Philosophers of science now define science by characteristics that make it a special from of knowledge: one that is systematically organized and is rationally explicable, tested against reality, and the scrutiny of peers. Knowledge claims and the evidence on which they are based are typically quality assessed and tested against logic and reality within the scientific community.
As a result science is not a fixed knowledge system but one that is self-correcting and evolves. The disciplines and boundaries of science evolve – for example it would be difficult to argue that most medicine of the 18th century met these qualities, yet it does so now. Evidence-based medical practice and systematic explanations of pathology really only emerged in the 20th century.
Why does this matter? Science, even with its distinctive characteristics, does not exist in isolation from other knowledge systems be they originating from religion, tradition, local knowledge, indigenous knowledge, or the tacit or learned knowledge of different occupations.
But in every society, it lives respectively alongside these other knowledge systems and hopefully in dialogue with them. There is much to learn from the scholarship of the post-normal science community in managing these interactions. Hubris can too often emanate from the scientific community, in the belief that they are the sole bearers of legitimate knowledge, an issue so eloquently described by Merton and Polanyi more than 70 years ago, yet which remains a concern.
Understandings of good scientific practice and ensuring its best transfer via innovation to the economic, policy and societal sectors depends on its integrity and on whether it provides relevant answers to real – if perhaps wicked – problems. This demands that science does not claim that it can answer everything or make decisions on behalf of society: the application of science depends on decisions informed by both individual and group values.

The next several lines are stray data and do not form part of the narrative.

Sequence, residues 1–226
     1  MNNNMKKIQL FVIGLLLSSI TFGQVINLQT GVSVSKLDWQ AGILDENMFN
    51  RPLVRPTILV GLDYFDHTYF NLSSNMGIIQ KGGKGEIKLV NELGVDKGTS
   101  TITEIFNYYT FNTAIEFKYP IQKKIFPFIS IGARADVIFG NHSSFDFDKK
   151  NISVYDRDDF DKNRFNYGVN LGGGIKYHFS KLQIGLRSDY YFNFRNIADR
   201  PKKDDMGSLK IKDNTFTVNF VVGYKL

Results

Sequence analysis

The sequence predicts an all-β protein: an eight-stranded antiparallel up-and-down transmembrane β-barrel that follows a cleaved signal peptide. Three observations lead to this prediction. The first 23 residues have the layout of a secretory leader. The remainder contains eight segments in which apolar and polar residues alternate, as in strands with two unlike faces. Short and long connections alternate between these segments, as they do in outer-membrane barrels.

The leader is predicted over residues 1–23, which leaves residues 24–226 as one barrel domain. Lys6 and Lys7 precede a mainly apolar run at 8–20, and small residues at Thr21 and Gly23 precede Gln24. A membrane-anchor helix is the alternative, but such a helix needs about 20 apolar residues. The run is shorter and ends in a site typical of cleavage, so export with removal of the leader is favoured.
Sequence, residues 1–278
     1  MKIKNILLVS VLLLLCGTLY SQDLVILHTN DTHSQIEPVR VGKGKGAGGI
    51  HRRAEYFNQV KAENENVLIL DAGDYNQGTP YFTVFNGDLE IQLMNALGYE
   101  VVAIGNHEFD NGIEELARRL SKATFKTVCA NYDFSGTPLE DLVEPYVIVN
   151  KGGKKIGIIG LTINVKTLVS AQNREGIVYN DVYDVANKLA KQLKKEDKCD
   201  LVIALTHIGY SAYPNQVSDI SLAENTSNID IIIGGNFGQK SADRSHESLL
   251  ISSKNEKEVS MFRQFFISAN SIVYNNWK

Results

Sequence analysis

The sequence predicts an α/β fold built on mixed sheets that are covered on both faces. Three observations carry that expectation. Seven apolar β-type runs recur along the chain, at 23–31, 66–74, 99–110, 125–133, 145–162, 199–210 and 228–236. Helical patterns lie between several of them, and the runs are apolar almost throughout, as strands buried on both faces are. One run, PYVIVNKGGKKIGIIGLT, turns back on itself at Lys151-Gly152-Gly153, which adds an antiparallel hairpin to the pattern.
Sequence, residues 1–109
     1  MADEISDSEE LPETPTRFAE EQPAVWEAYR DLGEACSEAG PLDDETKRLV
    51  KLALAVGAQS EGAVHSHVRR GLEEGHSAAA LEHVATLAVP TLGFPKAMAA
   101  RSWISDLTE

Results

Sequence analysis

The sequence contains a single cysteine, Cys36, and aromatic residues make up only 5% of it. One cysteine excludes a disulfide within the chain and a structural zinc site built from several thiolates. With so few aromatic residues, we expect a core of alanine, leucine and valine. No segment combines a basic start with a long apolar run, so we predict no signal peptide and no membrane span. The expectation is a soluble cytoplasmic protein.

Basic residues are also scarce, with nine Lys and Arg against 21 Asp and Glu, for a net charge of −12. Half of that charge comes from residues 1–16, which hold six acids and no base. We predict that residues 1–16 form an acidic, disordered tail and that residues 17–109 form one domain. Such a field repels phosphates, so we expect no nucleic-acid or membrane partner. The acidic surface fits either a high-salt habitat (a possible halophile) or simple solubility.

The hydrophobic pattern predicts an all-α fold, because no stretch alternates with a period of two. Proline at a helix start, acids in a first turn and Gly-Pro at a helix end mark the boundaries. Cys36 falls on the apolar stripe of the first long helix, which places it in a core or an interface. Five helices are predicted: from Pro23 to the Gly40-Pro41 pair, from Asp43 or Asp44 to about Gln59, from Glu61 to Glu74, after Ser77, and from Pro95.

Before I go further it might be helpful to expand on the words principles and values as they are core to this dialogue. Principles can be defined as propositions that serve as the foundation for a system of behaviour or for a chain of reasoning. Some such principles are normative and should be relatively uncontested in the context of this discussion about what science is.
The word ‘values’ itself is both multi-dimensional and is used in multiple ways. Values reflect our judgements and beliefs reflecting and creating our visions of what we want to attain. This implies they can be contested according to one’s biases and world views. There is a need to distinguish between individual, collective and societal values, and there is a hierarchy of values ranging from those that are not particularly contested to those that are very personal or group-specific. The whole concept of values is both philosophically complex and indeed there is no singular taxonomy to describe them. The JRC report on the topic released last year is a valuable resource.
With this somewhat semantic deviation I shall consider the topic of this dialogue in terms of three distinct sets of considerations:
- those principles and values that define science,
- those that underpin science systems and
- those that apply to individual scientists.